Woman sues Magic Springs and Crystal Falls for broken bench

Posted Friday, March 6, 2009 10:26 AM | Contributed by Jeff

Darlene Davis says she sustained serious and permanent injuries when a park bench broke at Magic Springs and Crystal Falls, including injuring her back, neck, head and aggravating preexisting injuries. Darlene Davis filed a personal injury lawsuit against PARC Magic Springs LLC.

Read more from The Southeast Texas Record.

Friday, March 6, 2009 11:11 AM
Fun's avatar

Who wants to place a bet that the plaintiff's weight comes into question?

Friday, March 6, 2009 12:40 PM

Fun - you're probably right. Its the most straight forward defense in the case, especially if she exceeded the manufacturer's limit.

As an example, most folding camp chairs have a limit of anywhere from 280 to 300 lbs. Can they support more? Sure, but if it breaks as a result, you are SOL.

Friday, March 6, 2009 2:18 PM
janfrederick's avatar

If weight is indeed a consideration, perhaps they'll fault the park for not providing warning signs on the chairs. ;)

Still, most benches I've seen can support several adults. People who weigh more than several adults probably wouldn't be able to get out of bed let alone go to a park and have a seat.

Perhaps it was fiberglass. Those things always seem flimsy to me.

"I go out at 3 o' clock for a quart of milk and come home to my son treating his body like an amusement park!" - Estelle Costanza
Friday, March 6, 2009 2:43 PM


One thing though, how does one screw breaking or popping out cause the bench to epic fail? Reading it again, this sounds like its either the responsibility of the bench manufacturer, or a frivolous lawsuit.

Granted they have a responsibility to provide a safe environment, but I don't expect a park to test ride Bench:The Ride every morning to ensure all benches are working properly.

Accidents happen, and sometimes its no one's fault.

Friday, March 6, 2009 3:29 PM
Carrie M.'s avatar

Juggalotus said:

Granted they have a responsibility to provide a safe environment, but I don't expect a park to test ride Bench:The Ride every morning to ensure all benches are working properly.

I call it!!

I would do that job. :)

"If passion drives you, let reason hold the reins." --- Benjamin Franklin

Monday, March 9, 2009 10:19 AM

Considering the cost of healthcare, and the hurdles you have to jump to get healthcare, I would sue too.

Not all lawsuits are frivolous. It seems this woman has a case.

Monday, March 9, 2009 11:42 AM
coasterqueenTRN's avatar

I guess that is up for the judge to decide. I am not sure what to think. If she caused the bench to break then that is HER fault. If the bench itself was faulty then I can see the purpose of the lawsuit. There isn't enough information. She could be an ambulance chaser or she can be legit.


Monday, March 9, 2009 12:08 PM
eightdotthree's avatar

How many of us have sat down with a coworker or classmate and their chair broke? It happened once to a coworker of mine could have stood to lose a few pounds and we all laughed for about 10 minutes. Heck, he even laughed.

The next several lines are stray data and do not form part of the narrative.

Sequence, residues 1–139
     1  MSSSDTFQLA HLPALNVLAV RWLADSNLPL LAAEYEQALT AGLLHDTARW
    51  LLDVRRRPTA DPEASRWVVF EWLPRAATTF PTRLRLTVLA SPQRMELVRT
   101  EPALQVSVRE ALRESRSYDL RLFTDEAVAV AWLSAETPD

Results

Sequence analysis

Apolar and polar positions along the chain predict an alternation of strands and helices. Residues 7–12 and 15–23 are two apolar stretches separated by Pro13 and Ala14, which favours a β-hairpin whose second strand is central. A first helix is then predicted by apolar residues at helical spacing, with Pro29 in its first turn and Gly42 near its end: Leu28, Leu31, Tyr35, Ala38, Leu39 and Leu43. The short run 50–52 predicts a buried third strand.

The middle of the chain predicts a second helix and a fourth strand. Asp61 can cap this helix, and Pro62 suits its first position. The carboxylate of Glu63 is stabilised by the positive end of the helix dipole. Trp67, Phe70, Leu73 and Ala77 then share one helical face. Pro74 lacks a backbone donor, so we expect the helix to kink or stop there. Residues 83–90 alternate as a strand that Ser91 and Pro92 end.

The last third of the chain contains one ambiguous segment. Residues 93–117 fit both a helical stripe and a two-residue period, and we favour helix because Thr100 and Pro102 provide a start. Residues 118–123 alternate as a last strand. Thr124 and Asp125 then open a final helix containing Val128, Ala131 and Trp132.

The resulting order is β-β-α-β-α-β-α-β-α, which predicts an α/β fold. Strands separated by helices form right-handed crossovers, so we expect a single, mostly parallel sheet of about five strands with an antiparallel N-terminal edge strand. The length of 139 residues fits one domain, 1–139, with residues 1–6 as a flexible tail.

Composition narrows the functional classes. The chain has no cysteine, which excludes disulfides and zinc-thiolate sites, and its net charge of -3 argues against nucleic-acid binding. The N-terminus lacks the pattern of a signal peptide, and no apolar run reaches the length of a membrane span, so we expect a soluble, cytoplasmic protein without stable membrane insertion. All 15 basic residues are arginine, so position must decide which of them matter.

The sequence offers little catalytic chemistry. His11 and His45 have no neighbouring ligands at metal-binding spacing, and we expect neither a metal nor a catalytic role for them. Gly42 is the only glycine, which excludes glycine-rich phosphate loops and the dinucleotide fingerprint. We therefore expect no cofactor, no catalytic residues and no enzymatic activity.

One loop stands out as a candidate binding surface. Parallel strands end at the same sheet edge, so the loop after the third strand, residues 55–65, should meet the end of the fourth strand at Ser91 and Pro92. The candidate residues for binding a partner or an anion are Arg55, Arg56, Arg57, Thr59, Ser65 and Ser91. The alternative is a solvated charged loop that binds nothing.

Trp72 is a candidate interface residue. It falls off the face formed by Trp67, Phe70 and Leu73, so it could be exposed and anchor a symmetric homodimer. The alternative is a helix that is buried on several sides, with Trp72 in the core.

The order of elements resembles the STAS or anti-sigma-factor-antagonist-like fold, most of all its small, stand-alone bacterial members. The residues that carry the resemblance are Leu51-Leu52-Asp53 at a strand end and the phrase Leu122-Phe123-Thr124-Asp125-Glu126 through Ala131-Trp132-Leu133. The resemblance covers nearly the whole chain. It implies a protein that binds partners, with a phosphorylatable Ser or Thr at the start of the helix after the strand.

I suppose she does have a case here, but if she's trying to get rich off it she can go you know where. My fiance cut her finger pretty good at Universal and needed to go to the medical station, we didn't sue.

Last edited by eightdotthree, Monday, March 9, 2009 12:09 PM
Monday, March 9, 2009 2:56 PM

This is why I don't sit on those plastic resin stacking chairs. Especially after the incident at an ice cream parlor in Naples, FL where I commented on the plastic chair and chose the wooden chair instead, then five minutes later a small woman less than half my size sat on the plastic chair and it collapsed.

Y'know, according to ASTM F 2291*-09:, a bench falls into Area 2 (+1Gz, 0Gx, 0Gy), which means that in accordance with ASTM F 2291-09: the bench requires a Class 2 restraint "unless patrons are provided sufficient support and the means to react to the forces, for example, handrails, footrest, or other devices." A Class 2 restraint means a latching restraint for each patron or a latching collective device for more than one person. So if being located in an amusement park means the bench qualifies as an "amusement device" (this one apparently doubled as a "thrill ride"!) then it could be argued that industry standards demand that the bench be equipped with a seat belt!

Do we know what sort of a bench this was? We assume a classic park bench, but I have seen "benches" in parks (Cedar Point comes to mind...) where the "bench" is actually a series of seats bolted to a piece of pipe...and if one of those bolts comes out, the seat can take a nasty tumble.

--Dave Althoff, Jr.

* ASTM F 2291: Standard Practice for Design of Amusement Rides and Devices

Monday, March 9, 2009 3:46 PM

"Davis says she sustained serious and permanent injuries during the incident, including injuring her back, neck, head and aggravating preexisting injuries."

New park sign for 2009. Guests May Not Sit On This Bench If They Have One Of The Following Conditions...

It's one thing to have the company pay for reasonable medical expenses. It's quite another to expect them to provide this woman an income for the rest of her days. Will every ache she feels for the next 40 years be the result of this fall?

Pain? Here's a bottle of Advil. Suffering? Mental anguish? Please, you were mildly embarrassed. Get over it. And if she really did aggravate pre-existing injuries, it might be interesting to check out what else she did at the park before sitting on the bench of doom.


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